Famous for its cream, (which appears on the top of many desserts you’ll order in France), a majestic castle, (the Chateau de Chantilly), and a famous racecourse and stables, the town of Chantilly is a superb day out and under an hour’s easy drive from Pierrefonds. We soaked up the beauty of its lavish parks, gardens and castle and were really impressed with its Hippodrome, home to many of France’s horse races. Its grand structure marked a contrast to the miles of parkland surrounding it. On our return into the town, we enjoyed browsing the many independent boutiques lining the streets, many of which were dog friendly. After a lovely warm meal including a dessert with lashings of, (you guessed it), Chantilly cream, we enjoyed a moment taking a festive photo of Cherry against the background of the Christmas market near the centre of the town. I’m not sure if Cherry enjoyed the moment quite as much. Judge for yourself by looking at her photo…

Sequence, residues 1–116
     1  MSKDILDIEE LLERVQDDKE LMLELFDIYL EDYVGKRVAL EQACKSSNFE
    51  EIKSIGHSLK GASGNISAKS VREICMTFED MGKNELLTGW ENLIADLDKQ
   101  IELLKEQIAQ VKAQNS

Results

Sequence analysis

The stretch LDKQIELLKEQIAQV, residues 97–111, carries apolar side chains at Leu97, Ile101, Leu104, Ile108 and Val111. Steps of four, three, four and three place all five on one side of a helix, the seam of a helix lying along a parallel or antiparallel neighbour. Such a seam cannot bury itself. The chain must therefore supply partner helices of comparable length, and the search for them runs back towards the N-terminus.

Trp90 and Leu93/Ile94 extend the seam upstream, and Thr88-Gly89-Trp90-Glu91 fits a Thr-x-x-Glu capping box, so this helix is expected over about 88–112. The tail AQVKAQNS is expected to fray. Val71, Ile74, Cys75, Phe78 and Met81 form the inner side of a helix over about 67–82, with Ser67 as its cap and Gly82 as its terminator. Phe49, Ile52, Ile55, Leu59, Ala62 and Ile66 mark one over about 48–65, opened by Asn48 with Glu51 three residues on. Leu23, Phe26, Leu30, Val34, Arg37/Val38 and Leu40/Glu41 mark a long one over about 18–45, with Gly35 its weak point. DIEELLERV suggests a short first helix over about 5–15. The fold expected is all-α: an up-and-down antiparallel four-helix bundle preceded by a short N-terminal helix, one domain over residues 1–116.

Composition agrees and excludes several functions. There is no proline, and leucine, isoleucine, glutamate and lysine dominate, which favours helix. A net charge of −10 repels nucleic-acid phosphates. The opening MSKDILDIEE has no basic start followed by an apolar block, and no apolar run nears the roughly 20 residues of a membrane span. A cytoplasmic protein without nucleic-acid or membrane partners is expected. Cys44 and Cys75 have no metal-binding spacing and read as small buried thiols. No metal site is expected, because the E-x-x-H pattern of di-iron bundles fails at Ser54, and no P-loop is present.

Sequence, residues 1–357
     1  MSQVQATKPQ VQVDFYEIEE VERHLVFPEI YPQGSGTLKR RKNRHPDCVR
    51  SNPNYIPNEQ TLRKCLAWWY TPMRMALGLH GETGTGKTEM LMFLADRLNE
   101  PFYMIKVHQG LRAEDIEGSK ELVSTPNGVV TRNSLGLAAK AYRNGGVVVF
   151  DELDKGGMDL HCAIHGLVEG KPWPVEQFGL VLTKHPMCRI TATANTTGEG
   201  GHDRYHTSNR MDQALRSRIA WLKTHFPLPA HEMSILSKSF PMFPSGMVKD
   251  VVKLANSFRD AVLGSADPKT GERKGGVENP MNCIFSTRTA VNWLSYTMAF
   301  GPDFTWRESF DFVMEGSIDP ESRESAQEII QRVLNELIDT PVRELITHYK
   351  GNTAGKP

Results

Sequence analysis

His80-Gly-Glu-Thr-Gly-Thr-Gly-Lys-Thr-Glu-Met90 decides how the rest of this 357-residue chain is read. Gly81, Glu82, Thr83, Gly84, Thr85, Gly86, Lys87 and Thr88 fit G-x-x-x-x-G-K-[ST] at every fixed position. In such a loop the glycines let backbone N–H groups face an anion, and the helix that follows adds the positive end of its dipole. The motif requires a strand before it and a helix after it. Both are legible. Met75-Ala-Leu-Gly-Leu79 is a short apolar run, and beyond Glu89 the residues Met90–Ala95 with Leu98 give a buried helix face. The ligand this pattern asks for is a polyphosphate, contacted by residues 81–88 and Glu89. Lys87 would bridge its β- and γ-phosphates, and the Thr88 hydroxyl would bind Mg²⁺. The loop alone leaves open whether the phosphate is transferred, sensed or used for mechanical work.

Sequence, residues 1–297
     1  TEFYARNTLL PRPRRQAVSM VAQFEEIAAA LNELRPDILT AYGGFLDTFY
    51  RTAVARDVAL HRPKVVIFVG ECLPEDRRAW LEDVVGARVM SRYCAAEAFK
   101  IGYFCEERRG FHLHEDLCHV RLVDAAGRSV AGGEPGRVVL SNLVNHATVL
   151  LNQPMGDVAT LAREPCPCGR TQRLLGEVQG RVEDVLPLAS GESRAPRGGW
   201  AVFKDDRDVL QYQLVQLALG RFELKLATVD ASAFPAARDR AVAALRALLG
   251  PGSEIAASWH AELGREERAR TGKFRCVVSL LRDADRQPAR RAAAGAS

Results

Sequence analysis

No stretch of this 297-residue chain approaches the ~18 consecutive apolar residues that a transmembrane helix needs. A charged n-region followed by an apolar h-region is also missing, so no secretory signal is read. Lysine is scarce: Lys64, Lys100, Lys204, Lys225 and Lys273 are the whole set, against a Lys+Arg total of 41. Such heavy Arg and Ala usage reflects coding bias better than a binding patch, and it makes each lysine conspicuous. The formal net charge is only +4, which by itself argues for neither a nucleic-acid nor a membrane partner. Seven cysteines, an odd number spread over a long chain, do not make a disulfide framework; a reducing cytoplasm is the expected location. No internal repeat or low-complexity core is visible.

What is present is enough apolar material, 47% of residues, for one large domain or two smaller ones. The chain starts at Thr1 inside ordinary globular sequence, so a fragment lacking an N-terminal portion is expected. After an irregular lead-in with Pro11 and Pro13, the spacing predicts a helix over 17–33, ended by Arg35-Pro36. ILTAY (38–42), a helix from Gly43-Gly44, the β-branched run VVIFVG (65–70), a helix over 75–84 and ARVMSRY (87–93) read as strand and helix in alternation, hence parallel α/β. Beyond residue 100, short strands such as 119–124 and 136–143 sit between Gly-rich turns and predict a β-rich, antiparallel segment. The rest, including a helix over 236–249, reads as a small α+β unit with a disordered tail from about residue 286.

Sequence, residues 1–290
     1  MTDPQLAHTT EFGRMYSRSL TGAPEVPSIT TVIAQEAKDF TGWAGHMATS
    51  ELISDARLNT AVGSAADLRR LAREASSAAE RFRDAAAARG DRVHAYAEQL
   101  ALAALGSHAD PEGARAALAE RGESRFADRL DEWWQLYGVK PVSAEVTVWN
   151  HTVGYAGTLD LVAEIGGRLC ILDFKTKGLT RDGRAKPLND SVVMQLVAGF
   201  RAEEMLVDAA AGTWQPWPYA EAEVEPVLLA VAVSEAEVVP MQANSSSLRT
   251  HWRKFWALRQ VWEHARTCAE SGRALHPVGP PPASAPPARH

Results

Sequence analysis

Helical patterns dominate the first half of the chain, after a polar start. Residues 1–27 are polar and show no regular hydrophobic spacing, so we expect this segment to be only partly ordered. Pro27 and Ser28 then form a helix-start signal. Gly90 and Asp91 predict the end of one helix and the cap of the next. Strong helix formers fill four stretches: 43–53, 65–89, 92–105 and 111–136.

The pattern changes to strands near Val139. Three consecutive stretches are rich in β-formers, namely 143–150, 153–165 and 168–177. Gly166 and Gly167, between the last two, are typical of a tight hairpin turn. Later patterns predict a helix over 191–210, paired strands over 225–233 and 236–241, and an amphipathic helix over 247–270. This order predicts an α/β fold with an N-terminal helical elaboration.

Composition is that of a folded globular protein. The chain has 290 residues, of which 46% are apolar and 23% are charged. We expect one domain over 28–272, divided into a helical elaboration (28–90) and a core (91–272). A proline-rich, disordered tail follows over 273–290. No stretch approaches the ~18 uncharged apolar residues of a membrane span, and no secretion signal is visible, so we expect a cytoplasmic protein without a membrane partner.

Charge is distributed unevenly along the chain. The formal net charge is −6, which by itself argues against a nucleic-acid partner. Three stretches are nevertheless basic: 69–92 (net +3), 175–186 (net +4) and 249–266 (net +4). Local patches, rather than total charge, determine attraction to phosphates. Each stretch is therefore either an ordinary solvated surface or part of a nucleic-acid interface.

Nature at its best
The Forest of Compiegne, France’s third largest forest, proved to be a blinder in terms of rest and relaxation and something which we both needed on this mini trip. Full of easy to navigate walking and cycling trails, most of which are flat and easy to access, the forest offers opportunities for fishing, walking, running, cycling or horse riding. For the more adventurous, there are even treetop adventure courses. The Clairière de l’Armistice, the glade where the World War One peace treaty was signed, can also be found here, as can one of France’s oldest trees, dating back to the C13th. It’s a lovely spot for a picnic.
Camelot, (a.k.a. Chateau de Pierrefonds)
Built in the late 14th century by Duke Louis of Orléans, the château was taken down in the 17th century and was in ruins when Napoleon III decided to commission an architect to bring it back to its former glory. The exterior and grounds of the castle are truly awesome and, in our opinion, more stunning than its features inside. However, as a tourist attraction five minutes’ walk away from our hotel, it was a great added extra and gave us plenty of brilliant photo opportunities. It’s been made famous by the BBC TV series, “Merlin” where it became Camelot.